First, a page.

MINT TEA IS NO CURE
The art trail enlivens proceedings by inviting
poets to read in artists’ garden, where bees
work for pollen on lavender and valerian.
I choose a few poems that may chime
with the work of potters, painters,
printmakers and jewellers, but
this year I’ve not shaken off winter’s grip
and my chest is a squeezebox with loosed ties,
tumbling to the floor from careless hands.
Discordant and groaning I’ve wheezed my way
through weeks of heat, so find some quiet shade
away from the studio and watch bees
working for pollen on lavender and valerian,
but it’s hopeless, I can barely give breath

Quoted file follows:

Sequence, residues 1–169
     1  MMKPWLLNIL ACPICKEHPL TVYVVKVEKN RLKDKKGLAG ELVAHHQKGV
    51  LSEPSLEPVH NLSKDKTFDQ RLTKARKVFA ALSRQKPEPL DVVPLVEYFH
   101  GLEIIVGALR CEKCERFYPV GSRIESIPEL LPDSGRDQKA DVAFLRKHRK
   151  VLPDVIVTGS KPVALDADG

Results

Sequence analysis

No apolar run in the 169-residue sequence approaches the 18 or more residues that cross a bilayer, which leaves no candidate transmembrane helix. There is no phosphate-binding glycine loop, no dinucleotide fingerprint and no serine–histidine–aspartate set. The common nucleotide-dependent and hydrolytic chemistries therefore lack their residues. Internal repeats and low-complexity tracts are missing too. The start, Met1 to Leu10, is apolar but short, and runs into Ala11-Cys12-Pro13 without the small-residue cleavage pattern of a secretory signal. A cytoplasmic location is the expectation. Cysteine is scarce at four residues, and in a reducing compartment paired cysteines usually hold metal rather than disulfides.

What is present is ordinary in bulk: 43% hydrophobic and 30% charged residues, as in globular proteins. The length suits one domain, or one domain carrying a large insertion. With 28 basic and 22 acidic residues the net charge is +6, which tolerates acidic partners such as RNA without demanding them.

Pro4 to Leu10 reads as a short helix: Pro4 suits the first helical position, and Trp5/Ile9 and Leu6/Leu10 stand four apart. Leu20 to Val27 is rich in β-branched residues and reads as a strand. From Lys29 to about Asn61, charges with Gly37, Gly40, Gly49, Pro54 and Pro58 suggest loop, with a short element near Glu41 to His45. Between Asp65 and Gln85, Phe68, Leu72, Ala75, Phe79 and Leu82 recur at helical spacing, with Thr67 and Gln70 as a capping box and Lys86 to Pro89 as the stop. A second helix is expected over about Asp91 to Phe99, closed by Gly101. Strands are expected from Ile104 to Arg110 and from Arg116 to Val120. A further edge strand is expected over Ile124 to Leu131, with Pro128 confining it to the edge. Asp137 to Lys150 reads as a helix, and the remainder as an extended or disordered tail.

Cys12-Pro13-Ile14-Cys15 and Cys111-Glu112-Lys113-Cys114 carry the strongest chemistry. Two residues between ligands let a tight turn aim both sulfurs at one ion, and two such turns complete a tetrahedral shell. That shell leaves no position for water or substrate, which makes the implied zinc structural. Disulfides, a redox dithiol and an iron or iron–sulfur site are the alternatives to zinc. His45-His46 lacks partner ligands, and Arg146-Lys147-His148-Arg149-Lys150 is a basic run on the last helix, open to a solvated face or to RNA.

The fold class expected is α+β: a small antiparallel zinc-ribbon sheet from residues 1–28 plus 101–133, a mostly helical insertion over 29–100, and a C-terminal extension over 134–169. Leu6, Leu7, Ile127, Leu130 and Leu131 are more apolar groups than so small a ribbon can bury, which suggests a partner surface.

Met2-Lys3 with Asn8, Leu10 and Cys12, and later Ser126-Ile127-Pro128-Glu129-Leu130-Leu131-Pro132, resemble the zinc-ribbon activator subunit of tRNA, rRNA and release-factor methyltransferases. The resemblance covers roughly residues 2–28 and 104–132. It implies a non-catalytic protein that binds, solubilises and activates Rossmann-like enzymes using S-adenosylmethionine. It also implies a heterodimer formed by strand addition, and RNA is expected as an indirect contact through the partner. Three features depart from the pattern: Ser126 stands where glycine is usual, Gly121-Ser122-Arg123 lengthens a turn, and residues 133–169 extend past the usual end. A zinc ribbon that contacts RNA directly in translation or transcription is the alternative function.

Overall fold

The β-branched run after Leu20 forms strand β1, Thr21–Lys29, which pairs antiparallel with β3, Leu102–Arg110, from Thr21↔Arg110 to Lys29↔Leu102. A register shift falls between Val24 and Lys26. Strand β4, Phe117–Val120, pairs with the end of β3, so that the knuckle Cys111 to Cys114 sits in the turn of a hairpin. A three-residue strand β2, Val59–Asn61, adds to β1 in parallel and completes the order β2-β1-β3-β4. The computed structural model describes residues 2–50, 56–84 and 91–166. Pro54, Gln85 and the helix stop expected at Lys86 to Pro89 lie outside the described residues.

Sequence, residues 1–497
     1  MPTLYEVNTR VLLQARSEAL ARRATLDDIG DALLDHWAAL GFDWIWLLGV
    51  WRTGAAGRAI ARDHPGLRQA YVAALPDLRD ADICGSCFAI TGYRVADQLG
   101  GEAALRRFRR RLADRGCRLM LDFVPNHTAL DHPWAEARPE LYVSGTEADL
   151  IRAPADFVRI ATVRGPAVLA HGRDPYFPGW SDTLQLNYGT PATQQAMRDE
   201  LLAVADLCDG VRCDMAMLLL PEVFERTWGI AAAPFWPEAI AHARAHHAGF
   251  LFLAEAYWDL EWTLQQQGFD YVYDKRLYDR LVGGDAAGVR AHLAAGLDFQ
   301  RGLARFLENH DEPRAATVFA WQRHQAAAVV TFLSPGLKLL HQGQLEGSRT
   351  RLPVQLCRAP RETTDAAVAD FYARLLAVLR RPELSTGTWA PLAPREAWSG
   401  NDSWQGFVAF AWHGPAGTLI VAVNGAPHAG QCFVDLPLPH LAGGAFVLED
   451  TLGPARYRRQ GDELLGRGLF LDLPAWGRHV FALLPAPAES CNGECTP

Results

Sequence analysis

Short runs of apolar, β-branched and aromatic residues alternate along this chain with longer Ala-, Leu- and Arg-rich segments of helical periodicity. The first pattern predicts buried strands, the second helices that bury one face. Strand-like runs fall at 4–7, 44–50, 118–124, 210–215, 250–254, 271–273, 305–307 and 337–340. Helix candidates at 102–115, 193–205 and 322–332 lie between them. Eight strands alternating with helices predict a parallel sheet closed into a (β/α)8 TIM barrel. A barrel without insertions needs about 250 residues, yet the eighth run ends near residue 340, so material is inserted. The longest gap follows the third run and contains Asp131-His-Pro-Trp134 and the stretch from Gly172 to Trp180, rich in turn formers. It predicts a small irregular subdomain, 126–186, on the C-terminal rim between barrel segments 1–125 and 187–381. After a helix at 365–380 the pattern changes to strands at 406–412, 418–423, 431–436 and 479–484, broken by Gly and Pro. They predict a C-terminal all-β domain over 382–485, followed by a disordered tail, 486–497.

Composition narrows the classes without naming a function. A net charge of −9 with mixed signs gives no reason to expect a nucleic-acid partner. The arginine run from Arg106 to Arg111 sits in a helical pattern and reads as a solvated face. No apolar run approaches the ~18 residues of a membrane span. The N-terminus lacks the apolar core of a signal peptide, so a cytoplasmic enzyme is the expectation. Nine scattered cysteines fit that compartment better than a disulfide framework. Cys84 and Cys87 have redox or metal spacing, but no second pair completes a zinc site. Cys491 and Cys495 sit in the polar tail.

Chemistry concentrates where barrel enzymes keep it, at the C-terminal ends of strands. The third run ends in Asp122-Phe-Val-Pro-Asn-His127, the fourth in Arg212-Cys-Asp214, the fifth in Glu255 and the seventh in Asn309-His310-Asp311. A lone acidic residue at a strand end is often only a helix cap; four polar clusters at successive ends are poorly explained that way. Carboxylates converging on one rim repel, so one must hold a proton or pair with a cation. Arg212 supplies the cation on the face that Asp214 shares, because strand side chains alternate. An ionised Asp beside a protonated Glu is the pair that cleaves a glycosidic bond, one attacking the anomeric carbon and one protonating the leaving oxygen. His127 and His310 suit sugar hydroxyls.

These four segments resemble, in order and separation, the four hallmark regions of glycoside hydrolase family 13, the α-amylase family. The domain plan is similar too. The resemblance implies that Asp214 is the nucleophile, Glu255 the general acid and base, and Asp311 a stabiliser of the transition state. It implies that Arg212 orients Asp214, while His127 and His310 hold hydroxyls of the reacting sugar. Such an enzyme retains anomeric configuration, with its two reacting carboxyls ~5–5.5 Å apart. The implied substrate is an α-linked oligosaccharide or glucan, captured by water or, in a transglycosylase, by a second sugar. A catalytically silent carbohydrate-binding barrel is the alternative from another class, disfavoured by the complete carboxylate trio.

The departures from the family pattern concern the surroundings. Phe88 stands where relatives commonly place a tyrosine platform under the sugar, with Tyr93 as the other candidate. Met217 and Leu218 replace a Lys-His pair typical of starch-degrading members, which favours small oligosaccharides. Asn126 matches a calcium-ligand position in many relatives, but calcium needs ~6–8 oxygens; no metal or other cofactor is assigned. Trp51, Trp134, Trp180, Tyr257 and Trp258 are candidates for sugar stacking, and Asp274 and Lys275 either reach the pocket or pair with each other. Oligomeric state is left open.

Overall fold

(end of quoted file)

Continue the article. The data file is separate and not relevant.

to one whole line let alone the next.
A friend offers to read every alternate stanza
for me to catch my breath, or try,
and we manage like this, but every muscle
of my ribs pulls. My lungs are more folded back
than when I began, and the fresh-picked
mint tea offered by the host is no cure –
I can barely stop straining long enough to drink it
as bees work for pollen on lavender and valerian.
Kate Noakes’ Two Rivers Press collection from 2009 is The Wall-Menders. Her most recent is The Filthy Quiet (Parthian, 2019). She lives in London, where she acts as a trustee to writer development organisation, Spread the Word.